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(Feeling) at Home in America with Sterling A. Brown

This week, as the fifth in a five-part series of blog posts on “what home might and might not mean,” Camille Dungy explores a poem by Sterling A. Brown (1901–1989).

After Winter

He snuggles his fingers
In the blacker loam
The lean months are done with,
The fat to come.

His eyes are set
On a brushwood-fire
But his heart is soaring
Higher and higher.

Though he stands ragged
An old scarecrow,
This is the way
His swift thoughts go,

“Butter beans fo’ Clara
Sugar corn fo’ Grace
An’ fo’ de little feller
Runnin’ space.

“Radishes and lettuce
Eggplants and beets
Turnips fo’ de winter
An’ candied sweets.

“Homespun tobacco
Apples in de bin
Fo’ smokin’ an’ fo’ cider
When de folks draps in.”

He thinks with the winter
His troubles are gone;
Ten acres unplanted
To raise dreams on.

The lean months are done with,
The fat to come.
His hopes, winter wanderers,
Hasten home.

“Butterbeans fo’ Clara
Sugar corn fo’ Grace
An’ fo’ de little feller
Runnin’ space….”

—Sterling A. Brown

From The Collected Poems of Sterling A. Brown
TriQuarterly Books, Second Printing 1999


When I think of the idea of home, I consider this refrain:

“Butterbeans fo’ Clara
Sugar corn fo’ Grace
An’ fo’ de little feller
Runnin’ space….”

For several years in the 1920s, Sterling A. Brown (1901-1989) worked at Virginia Seminary in Lynchburg, Virginia, a school where my grandparents also once taught. Maybe I love him partly because he was once at home in a place that I have called home. But, really, what draws me to the poems in his book Southern Road are his unflinching, clear-eyed depictions of his poems’ subjects.

The idea of home built into “After Winter”—steeped in a history that is marked by exclusion and subjugation, but also hard work and earned pride—is complicated and beautiful. “His hopes, winter wanderers,/Hasten home,” Brown writes. What happens when hope comes home? Is it nourished and clothed? Look at the man whose dreams these are. He’s not even entirely a man, but is described as a “scarecrow.” Some thing to stand in the field to ward off the birds who would consume a whole crop if allowed. He’s “ragged,” he’s “old.” Both scared and scary.

The diction of this poem is part of its power. We’re asked to take this speaker at his word, and as he is. He’s not prettied up and fancified through language any more than is his description made something other than it is. The speaker in the quoted lines is not sitting by a warm hearth, inside a house. He is not reflecting on harder times from some vantage of comfort. Rather, he is out in the field, in the season just after winter. The poem is set in the moment after the lean months, before the fat. His hands are in the “blacker loam” that could bring out of itself what is as yet unrealized potential.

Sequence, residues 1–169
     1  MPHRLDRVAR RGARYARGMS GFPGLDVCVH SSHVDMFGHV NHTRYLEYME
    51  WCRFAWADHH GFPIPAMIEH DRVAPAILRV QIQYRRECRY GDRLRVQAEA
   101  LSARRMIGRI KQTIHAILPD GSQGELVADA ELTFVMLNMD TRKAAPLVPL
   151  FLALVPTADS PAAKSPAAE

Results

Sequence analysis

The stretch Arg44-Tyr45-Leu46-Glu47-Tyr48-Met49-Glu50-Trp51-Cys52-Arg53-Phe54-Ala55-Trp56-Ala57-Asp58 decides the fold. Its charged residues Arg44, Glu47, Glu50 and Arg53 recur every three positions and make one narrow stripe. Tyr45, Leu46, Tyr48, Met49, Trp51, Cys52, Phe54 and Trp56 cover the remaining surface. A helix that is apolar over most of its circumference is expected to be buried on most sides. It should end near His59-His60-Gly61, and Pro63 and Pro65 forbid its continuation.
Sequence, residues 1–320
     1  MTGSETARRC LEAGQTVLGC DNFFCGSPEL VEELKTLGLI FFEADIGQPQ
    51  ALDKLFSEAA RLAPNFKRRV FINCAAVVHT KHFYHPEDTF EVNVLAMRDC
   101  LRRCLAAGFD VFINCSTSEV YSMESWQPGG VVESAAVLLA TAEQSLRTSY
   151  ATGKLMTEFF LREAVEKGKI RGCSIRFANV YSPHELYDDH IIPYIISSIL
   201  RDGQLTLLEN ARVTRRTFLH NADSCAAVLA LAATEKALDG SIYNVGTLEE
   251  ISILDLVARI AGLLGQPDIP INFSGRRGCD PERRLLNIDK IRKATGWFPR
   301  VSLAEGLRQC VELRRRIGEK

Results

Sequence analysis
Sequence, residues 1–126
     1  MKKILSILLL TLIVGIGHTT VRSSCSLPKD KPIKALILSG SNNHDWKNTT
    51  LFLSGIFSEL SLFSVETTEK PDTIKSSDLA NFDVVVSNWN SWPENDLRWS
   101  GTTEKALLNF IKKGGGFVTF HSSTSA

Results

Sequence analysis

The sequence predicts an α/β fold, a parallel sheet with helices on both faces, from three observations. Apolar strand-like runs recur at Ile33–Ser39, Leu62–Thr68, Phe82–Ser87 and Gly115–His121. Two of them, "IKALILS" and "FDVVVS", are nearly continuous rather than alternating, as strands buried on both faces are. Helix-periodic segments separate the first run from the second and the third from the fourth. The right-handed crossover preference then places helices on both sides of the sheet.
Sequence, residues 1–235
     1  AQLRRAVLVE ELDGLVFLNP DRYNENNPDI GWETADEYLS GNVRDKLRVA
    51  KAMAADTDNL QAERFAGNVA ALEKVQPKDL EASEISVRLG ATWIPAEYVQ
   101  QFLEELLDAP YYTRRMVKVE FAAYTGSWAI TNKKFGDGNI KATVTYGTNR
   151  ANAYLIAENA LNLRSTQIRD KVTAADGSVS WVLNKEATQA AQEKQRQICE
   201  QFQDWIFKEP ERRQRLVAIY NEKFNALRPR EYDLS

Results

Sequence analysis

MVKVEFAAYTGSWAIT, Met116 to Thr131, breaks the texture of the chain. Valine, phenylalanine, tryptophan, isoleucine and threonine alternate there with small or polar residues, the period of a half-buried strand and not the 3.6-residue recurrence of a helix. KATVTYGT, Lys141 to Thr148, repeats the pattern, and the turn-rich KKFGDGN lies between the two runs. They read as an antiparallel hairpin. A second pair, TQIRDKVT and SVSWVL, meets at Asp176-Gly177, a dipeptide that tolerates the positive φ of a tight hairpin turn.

Brown doesn’t always use jagged alignment in his poems but, here, we cycle between marginal alignment to floating without the security of the margin. We see in this, perhaps, the arrangement of a field, but, also, it disarms our sense of security.

Still, the poem spends the bulk of its time at “home” in hopeful thoughts. That’s where I want to stay, too. In a place where there are butter beans (oh so nutritious) and sugar corn, which we might now call sweet corn (oh so delicious), for the two girls, and for the young boy, “runnin’ space.” An opportunity for the son to do more than the father (he who stands, fixed, in his field, a scarecrow). The pride of ownership in this poem, the hope for the future, they warm me, even though I know that winter is inside the poem, too. As the back and forth placement of the stanzas suggests, this poem is unstable. It ends in an ellipsis, in the unfinished (repeated) thought. There is nothing certain or permanent about it. But, oh, oh, good gracious, there is in it a home for hope.

This blog post is based on Camille T. Dungy’s talk “(Feeling) At Home in America,” given at Poets House in fall 2017, as part of Poets House’s 30th Anniversary season in which six poets were asked to provide close readings of five seminal poems (6 x 5 = 30).

Camille T. Dungy’s debut collection of personal essays, Guidebook to Relative Strangers, was a finalist for the 2018 National Book Critics Circle Award. She is also the author of four collections of poetry, most recently Trophic Cascade (2017), winner of the Colorado Book Award. Her other poetry collections are Smith Blue (2011); Suck on the Marrow (2010), winner of the American Book Award; and What to Eat, What to Drink, What to Leave for Poison (2006). In addition, Dungy is the editor of Black Nature: Four Centuries of African American Nature Poetry (2009). She has received fellowships from the NEA in both poetry and prose, and she is currently a Professor in the English Department at Colorado State University.

Posted In: Close Readings